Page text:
From The Horse’s Mouth: Zach Barocas (BELLS greater than or equal to symbol) on Solutions, Silence, or Affirmations

Solutions, Silence, or Affirmations

Solutions, Silence, or Affirmations

Former Jawbox drummer Zach Barocas, guitarists Stephen Shodin (Blood City, Coup Fourre) and Chris Ernst, cellist Gordon Withers (Office of Future Plans, et al.) and producer/bassist J. Robbins (Jawbox, Burning Airlines, Channels, Office of Future Plans) have teamed up as BELLS (greater than or equal to symbol) to create an album marked by its heft and grace, and furthers the evolution of the band’s brawny, inventive approach to instrumental writing and performing. With his trademark attack, Barocas emerges as forcefully as you’ve heard him. He and Robbins, whose 20-year friendship and collaborations are frequently noted for their landmark work in Jawbox, ground the session with liquid, mesmerizing shifts. Together as the rhythm section, their dialogue remains as it has always been: considerate, lively, assertive.

Ghettoblaster recently caught up with Barocas to discuss the new record, Solutions, Silence, or Affirmations (distributed by Dischord), the follow-up to 2010’s There Are Crashes LP and 2011’s Lamé EP.  This is what he had to say about it…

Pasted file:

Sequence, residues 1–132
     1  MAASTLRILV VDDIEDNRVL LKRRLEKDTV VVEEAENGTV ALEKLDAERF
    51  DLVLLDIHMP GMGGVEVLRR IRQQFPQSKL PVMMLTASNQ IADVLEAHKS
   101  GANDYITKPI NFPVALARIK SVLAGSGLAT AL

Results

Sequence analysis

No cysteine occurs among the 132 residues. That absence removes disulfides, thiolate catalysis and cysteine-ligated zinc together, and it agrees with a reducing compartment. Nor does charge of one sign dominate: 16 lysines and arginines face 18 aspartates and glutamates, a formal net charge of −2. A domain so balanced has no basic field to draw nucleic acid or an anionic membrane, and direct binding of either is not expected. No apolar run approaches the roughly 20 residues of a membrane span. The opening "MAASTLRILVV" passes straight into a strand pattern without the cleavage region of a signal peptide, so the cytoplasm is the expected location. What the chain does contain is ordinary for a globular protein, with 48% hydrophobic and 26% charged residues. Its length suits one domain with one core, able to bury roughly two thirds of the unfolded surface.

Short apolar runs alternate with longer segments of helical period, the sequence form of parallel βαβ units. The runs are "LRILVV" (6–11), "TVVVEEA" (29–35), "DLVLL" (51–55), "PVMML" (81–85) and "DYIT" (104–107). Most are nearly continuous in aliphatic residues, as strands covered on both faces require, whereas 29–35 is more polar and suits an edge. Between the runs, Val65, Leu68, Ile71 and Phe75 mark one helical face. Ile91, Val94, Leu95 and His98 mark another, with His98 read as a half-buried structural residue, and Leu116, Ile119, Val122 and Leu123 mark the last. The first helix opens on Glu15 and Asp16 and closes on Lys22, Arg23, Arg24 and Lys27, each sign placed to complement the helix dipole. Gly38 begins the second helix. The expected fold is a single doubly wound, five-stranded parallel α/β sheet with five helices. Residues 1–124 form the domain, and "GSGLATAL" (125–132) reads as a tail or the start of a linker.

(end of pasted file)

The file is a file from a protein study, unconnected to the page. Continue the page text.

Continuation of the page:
When did you begin writing the material for your most recent album?

All told, Solutions, Silence, or Affirmations took roughly a year and a half to write, starting around the spring/summer of 2011. We don’t have a single method of putting our music together but most of this set came out of playing parts over and over until each of us had something we were happy with. As you might imagine, this can take some time but when it does come together, we’re clear on the dynamics, spirit, and feel of the tune.

A lineup change just prior to recording left the bass parts up in the air but our friend, J. Robbins, offered to play with us. He knows us and our music well and was able to work up his bass lines with characteristic sensitivity and alacrity. His is a delightful talent.

What was the most difficult song to take from the initial writing stage through recording and mixing? Why was it so troublesome?